Last post I shared why I’m fasting from social media. As I pondered how different life feels right now, a verse popped into my head.
KJV Withdraw thy foot from thy neighbor’s house; lest he be weary of thee, and so hate thee.
NLT Don’t visit your neighbors too often, or you will wear out your welcome.
As I neared my time of breaking away from social media, I felt wearied. Wearied of people and certain they were wearied of me. Goodness, I was wearied of me!
Social media allows us to enter our neighbor’s house 24 hours a day. We enter the kitchen, bathroom, bedroom. We enter their cars. We are with them always. A door is open all the time and we enter with or without invitation.
I began to form thoughts about people that I knew were ungodly. Sin began to breed within me. Judgements formed because I saw snapshots of someone without seeing the context of the glimpse offered.
My thoughts startled me. I’d scroll and come across a post that I felt was boastful or showy in an inappropriate way and instantly form a negative thought about that person. I’d read the follow up gushing statements of affirmation and flattery and find myself agitated that people couldn’t see through the posts. I didn’t like what was coming out of my heart.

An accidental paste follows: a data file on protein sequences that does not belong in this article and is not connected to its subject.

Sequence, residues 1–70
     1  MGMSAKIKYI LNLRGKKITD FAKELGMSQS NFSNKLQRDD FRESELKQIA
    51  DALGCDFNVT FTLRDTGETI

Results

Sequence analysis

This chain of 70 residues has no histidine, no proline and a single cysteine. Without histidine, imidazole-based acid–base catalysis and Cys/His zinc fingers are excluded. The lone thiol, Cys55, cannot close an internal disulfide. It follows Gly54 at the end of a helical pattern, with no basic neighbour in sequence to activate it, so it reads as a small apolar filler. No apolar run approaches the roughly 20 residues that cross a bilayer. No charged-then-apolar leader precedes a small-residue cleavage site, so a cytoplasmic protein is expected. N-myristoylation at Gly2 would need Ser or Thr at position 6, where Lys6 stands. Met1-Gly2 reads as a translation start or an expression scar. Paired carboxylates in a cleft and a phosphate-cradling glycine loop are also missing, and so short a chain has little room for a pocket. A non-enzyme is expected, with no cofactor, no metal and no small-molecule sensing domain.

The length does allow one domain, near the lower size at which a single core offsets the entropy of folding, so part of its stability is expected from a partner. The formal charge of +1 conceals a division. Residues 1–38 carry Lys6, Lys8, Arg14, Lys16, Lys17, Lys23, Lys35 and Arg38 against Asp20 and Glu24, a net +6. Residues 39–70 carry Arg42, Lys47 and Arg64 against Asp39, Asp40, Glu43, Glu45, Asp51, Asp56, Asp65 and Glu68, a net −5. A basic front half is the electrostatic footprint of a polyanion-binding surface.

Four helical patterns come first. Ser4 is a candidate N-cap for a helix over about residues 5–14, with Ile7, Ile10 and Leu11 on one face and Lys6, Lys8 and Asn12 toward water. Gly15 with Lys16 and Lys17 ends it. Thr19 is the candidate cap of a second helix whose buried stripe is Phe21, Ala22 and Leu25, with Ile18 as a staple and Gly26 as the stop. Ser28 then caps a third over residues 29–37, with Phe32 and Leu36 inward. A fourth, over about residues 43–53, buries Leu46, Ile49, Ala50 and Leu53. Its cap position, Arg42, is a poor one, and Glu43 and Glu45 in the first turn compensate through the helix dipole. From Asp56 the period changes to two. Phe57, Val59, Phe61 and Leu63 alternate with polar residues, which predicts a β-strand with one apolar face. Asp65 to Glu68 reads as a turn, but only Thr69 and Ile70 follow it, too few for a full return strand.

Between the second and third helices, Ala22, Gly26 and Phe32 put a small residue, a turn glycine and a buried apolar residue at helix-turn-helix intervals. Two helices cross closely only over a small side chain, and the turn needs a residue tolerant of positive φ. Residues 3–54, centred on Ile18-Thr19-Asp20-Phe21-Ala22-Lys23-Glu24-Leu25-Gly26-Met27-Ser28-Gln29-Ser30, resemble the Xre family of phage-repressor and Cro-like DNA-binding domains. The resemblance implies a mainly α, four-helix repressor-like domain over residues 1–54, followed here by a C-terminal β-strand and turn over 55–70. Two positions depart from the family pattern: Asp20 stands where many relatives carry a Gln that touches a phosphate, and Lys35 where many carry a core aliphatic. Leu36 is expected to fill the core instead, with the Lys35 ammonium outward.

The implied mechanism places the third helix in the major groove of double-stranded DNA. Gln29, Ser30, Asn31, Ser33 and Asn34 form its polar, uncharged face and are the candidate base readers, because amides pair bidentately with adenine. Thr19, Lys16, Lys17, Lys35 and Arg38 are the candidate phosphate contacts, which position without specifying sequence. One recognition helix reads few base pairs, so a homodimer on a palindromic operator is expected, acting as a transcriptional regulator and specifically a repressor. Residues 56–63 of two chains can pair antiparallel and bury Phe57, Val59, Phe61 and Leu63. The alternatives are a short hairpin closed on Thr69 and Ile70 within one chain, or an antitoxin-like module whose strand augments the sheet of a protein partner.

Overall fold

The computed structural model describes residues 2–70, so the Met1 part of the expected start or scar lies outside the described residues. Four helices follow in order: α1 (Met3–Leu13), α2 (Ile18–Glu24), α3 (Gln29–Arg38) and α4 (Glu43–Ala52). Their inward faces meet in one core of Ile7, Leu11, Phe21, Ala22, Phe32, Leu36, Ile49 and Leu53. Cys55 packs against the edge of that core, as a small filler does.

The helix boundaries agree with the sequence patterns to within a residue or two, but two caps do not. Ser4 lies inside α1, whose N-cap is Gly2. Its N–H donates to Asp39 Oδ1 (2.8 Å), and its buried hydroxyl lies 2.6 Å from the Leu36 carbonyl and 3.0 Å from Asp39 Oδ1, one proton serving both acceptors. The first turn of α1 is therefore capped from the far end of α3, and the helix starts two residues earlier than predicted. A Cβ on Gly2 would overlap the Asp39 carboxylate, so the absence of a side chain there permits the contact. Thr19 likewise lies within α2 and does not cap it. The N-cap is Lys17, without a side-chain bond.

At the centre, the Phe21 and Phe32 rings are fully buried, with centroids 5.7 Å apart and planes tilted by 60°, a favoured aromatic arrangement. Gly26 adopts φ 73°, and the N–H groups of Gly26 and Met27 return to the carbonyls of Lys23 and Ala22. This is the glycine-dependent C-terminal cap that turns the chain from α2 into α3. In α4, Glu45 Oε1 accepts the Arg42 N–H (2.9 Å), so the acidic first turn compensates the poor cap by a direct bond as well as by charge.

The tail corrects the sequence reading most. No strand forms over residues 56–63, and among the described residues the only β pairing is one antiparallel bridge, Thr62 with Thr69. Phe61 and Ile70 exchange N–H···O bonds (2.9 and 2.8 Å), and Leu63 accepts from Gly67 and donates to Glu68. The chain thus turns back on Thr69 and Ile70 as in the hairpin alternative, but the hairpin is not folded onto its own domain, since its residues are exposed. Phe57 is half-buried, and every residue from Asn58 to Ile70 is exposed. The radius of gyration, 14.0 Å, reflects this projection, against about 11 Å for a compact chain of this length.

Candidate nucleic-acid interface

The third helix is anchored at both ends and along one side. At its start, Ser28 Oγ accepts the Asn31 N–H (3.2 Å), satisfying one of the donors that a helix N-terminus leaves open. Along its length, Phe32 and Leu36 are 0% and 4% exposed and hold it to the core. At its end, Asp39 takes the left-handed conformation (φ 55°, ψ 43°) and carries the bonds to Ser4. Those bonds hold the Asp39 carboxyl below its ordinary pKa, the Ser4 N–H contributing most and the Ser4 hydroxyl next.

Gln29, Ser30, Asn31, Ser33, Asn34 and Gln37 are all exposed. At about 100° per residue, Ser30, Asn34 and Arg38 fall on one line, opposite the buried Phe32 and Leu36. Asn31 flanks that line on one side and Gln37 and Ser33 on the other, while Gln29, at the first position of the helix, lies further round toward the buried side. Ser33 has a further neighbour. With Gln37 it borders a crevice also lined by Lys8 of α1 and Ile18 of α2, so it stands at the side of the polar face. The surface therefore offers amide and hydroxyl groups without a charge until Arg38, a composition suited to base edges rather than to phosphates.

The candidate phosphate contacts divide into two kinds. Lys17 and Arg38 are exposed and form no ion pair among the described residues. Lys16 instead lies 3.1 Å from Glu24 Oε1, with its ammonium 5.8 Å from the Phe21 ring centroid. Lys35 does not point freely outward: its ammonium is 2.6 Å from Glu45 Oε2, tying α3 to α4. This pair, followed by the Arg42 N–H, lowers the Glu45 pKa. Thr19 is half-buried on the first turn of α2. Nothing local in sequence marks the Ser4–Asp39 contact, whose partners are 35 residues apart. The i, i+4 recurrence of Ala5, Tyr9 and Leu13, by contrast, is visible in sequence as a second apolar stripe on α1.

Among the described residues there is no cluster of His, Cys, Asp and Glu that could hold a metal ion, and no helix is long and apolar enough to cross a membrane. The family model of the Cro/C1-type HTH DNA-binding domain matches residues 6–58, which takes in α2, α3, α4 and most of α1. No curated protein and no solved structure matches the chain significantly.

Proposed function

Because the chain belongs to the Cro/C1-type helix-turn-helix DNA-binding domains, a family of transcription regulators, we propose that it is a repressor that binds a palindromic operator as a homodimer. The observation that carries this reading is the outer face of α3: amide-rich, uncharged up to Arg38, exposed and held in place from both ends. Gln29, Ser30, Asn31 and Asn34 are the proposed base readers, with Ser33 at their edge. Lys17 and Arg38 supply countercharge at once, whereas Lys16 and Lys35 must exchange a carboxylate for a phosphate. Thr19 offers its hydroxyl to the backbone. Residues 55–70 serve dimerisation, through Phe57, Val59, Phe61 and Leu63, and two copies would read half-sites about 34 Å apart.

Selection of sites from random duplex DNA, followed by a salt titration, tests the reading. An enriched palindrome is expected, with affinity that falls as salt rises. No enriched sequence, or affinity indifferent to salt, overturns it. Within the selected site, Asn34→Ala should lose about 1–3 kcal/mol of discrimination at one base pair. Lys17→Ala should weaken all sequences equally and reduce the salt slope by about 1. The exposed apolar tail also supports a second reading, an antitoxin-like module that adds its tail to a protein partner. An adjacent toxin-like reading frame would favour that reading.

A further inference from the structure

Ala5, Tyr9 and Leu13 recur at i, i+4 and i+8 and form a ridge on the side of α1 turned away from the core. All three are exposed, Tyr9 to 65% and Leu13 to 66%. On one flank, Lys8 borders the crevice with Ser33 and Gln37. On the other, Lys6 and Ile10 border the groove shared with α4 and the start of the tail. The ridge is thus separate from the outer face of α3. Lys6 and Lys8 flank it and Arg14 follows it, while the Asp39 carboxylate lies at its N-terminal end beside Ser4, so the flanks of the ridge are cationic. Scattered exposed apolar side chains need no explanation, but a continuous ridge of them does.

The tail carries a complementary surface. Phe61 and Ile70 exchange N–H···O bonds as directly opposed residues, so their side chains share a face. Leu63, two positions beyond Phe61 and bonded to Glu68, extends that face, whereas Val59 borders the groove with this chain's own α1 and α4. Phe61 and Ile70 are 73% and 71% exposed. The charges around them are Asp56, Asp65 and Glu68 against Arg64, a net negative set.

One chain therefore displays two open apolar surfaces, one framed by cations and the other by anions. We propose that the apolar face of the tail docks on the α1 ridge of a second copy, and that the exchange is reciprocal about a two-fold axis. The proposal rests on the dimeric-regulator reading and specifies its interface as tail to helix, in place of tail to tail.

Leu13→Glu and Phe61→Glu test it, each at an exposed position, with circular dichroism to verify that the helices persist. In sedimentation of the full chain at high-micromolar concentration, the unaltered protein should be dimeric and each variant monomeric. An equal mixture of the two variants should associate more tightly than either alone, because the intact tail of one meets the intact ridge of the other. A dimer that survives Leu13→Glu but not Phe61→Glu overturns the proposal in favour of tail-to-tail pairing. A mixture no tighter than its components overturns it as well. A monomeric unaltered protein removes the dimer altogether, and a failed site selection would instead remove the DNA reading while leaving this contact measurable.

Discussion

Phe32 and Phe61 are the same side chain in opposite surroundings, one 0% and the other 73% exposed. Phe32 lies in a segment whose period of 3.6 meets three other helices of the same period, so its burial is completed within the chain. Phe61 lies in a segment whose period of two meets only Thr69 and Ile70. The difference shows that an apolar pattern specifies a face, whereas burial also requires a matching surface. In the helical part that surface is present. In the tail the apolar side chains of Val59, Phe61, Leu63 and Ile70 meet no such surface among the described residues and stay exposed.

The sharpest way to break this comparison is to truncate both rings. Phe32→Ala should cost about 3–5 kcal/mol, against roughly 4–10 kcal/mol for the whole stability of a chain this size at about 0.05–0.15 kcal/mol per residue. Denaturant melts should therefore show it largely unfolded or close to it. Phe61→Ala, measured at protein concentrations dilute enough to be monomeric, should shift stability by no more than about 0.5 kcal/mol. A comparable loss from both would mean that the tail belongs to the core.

I was seeing too much of some people. I needed better guards up so I could love them the way I’m called to love them. I was allowing my online neighbors to enter my house too often.
A diet of social media lessened my love for people, increased my cynicism, and gave birth to thoughts and feelings that felt unfamiliar.
I’ve shared all of this before on past posts through my Unseen series.
I think sometimes we forget that what we post on social media is us entering the house of our neighbor. And this is dangerous to forget, especially for women. What we post will be in the private places of the husband of another. If we wouldn’t physically enter the house of a neighbor in a particular way, we should exercise extreme caution over what we share that will essentially take us into the house of a friend.
This break is good for my heart. It’s a time to examine what I’ve allowed to enter and what I’ve allowed to form and grow. It’s a time to re-examine, evaluate. End of years are good for that. The assessment of what worked and what didn’t work. A time to hit a reset button and start fresh in the New Year. A time to ponder and reflect, plan and prepare.